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What does IT training have to do with your brand new Audi?

19th August 2016
by Faysal El Fassi

IT trainingYes! After an extensive track with one of your customers you have closed a mega deal. You can implement a new solution that matches the business of the client perfectly and with it comes a sizeable revenue and an even better margin. Your job is finished.

Or isn’t it? Didn’t you forget something, perhaps?

Does your client know the ins and outs of the environment you sold him? Does he know how he can work best with that environment? Does he know how he can get the best return on investment?

Audi: always a training with the car of your dreams

Let’s make a short detour to Audi. Audi believes that someone who is going to drive a new Audi can only be truly satisfied when he knows the vehicle really well and is familiar with all the possibilities of that recently ordered dream car. And a satisfied customer is a returning customer. Audi understands that quite well. That is why everyone who buys an Audi will receive a training at the Audi dealer.

IT projects without IT training

Back to the IT market. At Fast Lane we often encounter partners, a Cisco partner for instance, who completely forget the component training while making a hardware sale. The result is that after a while an end customer will discover that there is a lack of knowledge within his organization. All this time the product hasn’t been used in the correct way and now the following problem arises: there is actually no budget whatsoever to attend IT training and to acquire that knowledge after all.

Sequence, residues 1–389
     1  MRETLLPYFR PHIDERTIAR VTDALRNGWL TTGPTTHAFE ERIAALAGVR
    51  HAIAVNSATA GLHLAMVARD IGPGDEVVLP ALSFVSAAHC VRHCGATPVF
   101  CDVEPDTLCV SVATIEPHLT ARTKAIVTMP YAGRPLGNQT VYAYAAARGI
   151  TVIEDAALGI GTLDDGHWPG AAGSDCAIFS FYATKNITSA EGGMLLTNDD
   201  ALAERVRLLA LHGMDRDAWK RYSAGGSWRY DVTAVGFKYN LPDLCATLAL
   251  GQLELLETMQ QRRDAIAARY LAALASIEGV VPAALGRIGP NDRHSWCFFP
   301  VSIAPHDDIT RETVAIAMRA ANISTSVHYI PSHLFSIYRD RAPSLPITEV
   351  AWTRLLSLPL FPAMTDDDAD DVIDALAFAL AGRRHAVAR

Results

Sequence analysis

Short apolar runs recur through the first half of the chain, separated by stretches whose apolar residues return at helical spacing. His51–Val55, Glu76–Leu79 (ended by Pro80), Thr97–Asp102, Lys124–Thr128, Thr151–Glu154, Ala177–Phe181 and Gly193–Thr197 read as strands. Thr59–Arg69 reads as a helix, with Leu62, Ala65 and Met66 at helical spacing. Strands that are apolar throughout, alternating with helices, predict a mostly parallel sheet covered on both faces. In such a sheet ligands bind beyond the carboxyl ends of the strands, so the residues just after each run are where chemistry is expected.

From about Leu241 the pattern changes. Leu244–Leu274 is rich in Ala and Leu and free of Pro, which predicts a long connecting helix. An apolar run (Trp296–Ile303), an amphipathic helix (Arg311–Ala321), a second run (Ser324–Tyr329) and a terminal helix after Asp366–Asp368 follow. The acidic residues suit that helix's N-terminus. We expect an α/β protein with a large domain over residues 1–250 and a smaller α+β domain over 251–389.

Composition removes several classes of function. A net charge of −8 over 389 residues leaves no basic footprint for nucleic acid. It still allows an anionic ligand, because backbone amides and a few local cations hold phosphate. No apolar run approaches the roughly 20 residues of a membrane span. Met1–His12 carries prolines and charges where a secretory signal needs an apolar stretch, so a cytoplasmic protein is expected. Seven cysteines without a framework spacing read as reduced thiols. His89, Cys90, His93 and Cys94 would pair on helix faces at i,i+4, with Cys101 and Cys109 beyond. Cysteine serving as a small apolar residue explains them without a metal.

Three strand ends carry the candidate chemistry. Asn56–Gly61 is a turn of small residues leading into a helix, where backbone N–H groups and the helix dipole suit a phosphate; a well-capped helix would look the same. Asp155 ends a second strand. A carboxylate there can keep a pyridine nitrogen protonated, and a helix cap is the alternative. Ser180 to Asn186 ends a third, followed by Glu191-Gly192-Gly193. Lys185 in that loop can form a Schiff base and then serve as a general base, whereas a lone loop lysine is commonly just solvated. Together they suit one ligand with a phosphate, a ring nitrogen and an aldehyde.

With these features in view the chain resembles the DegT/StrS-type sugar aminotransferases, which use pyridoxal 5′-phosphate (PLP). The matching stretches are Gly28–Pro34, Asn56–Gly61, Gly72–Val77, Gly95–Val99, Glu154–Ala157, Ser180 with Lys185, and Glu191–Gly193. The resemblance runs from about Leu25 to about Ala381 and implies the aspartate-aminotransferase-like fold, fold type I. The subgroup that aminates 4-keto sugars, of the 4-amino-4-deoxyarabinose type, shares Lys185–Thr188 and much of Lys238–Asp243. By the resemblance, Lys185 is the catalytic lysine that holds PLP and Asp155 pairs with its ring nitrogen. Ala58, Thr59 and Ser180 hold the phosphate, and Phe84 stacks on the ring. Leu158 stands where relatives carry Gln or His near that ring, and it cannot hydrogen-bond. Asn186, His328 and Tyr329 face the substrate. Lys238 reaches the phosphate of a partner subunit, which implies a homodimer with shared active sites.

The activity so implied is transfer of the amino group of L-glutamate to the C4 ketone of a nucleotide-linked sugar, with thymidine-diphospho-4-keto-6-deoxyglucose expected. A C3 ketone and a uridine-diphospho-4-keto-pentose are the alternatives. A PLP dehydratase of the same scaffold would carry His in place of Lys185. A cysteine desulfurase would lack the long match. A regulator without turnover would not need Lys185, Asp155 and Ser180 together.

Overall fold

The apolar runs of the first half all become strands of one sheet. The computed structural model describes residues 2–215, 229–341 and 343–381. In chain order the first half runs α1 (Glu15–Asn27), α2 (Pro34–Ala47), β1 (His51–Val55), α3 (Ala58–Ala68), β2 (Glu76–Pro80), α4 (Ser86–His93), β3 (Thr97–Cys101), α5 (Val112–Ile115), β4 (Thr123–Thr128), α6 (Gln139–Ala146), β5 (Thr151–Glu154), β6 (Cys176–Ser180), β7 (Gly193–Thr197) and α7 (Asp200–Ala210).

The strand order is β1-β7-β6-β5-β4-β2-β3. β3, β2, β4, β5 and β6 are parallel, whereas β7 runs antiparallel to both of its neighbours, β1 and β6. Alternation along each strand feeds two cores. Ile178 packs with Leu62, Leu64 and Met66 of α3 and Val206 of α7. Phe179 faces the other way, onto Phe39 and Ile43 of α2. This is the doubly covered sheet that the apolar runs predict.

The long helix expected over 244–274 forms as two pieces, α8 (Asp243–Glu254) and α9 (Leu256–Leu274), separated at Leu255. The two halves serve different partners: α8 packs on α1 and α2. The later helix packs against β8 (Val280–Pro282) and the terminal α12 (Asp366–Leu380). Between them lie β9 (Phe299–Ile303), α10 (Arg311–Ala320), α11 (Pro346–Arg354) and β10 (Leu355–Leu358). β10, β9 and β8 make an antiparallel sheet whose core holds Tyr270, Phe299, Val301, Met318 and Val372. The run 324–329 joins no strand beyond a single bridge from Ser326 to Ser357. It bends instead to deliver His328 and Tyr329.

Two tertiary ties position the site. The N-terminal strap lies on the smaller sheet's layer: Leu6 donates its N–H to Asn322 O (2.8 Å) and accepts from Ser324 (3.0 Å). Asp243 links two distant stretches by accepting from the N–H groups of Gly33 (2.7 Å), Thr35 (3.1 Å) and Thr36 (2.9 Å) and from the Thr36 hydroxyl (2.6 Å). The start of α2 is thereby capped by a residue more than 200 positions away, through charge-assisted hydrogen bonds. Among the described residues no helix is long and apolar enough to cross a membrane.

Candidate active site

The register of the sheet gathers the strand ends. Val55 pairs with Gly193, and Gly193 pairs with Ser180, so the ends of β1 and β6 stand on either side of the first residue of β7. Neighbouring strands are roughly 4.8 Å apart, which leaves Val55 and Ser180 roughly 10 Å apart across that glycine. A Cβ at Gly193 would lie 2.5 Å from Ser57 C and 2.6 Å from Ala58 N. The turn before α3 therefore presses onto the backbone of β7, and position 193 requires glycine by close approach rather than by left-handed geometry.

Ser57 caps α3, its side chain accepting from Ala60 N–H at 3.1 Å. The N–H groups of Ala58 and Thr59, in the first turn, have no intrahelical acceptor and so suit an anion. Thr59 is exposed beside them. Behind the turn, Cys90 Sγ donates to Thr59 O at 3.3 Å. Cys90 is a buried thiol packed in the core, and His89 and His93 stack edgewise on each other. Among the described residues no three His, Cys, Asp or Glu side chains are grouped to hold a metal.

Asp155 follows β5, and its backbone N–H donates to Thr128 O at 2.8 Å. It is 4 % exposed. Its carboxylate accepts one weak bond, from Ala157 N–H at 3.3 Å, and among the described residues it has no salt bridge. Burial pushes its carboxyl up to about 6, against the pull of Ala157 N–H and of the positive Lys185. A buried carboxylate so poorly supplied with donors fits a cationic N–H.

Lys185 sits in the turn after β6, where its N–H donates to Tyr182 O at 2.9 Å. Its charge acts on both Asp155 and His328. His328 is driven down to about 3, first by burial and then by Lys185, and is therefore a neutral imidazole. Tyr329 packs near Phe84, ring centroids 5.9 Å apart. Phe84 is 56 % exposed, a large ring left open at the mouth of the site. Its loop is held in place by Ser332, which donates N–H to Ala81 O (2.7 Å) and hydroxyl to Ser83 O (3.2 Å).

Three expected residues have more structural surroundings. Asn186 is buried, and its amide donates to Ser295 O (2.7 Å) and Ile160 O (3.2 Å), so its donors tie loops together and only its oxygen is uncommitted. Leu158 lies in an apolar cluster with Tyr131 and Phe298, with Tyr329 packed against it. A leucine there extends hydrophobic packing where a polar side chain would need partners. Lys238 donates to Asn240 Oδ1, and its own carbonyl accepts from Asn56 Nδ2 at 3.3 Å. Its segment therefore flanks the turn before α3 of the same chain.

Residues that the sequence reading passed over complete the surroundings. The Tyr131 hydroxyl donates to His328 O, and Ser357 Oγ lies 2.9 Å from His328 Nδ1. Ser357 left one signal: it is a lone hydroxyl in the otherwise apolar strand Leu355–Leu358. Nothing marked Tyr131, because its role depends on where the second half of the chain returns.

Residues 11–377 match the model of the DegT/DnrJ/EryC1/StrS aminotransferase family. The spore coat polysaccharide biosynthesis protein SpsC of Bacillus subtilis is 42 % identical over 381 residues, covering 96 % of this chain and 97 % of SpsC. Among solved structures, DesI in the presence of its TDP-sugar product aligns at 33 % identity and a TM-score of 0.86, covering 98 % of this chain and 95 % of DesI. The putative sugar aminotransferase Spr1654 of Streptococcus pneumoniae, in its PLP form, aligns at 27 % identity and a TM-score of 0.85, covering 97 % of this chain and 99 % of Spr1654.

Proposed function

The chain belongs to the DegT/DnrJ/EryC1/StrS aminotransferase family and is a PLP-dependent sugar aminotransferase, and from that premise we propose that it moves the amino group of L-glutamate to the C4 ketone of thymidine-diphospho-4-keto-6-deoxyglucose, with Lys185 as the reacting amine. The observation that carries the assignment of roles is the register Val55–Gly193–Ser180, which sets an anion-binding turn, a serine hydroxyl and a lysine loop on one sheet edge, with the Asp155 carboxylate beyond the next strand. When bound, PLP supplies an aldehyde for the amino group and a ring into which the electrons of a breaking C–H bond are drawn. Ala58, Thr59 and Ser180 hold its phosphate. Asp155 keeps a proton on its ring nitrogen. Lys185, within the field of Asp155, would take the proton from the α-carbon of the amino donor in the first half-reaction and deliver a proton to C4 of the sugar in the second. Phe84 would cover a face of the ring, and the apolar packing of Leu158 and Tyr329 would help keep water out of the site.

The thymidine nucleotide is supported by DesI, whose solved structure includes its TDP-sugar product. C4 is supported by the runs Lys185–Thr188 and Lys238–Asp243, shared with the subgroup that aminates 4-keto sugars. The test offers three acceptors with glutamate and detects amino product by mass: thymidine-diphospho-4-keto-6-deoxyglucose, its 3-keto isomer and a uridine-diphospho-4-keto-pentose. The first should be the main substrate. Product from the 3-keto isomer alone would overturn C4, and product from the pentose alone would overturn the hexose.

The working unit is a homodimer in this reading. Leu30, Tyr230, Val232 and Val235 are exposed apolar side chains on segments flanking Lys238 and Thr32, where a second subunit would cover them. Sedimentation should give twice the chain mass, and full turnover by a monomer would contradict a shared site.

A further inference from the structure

Consequently only half of a solution is chosen. The end customer sends its employees to a short training or an IT training that doesn’t meet the precise need. Or the end customer sends 1 or 2 of its employees to a training who are supposed to transfer the knowledge to the rest of the team afterwards. The result? A dissatisfied customer. Dissatisfied with the product (“Next time we will chose a product of another vendor”), dissatisfied with the service of the partner, or both.

How do you prevent this?

Quite simple: by making IT training part of the project. After all, the sum training is often only a fraction of the total budget. When IT training is planned after the project it will not be payed from the project budget, but from the educational budget. And the latter is often subject to cut backs.

Satisfied customers and extra margin, but no extra effort

As an account manager of a partner you don’t have to be an expert in IT training.

A fair share of my partners come to me with these kind of questions. The partner is leading and my advice in the area of trainings is non-binding. I will ensure there is an intake to map out the precise educational needs, an offer, a subscription, IT training, evaluations and feedback to the partner of end customer. Training as a Service. As a partner you thus extend your portfolio with an extra service that will cost you no additional effort. It will cost you no time and energy, but it will generate margin. And a satisfied customer. And isn’t that what it’s all about?

And of course, training is not your core business and of course the sale of IT training will not help you to meet your target. Consider the training an extra service to help your client best and to make him a returning costumer. That is your focus!

Do you want to know more about this process? Do you want to spar together to see how you can set this up in the best possible way? Do you want to find out how you can apply, for instance, Cisco Learning Credits or NetApp Training Units in a smart way? Don’t hesitate to contact me. I will be happy to help!

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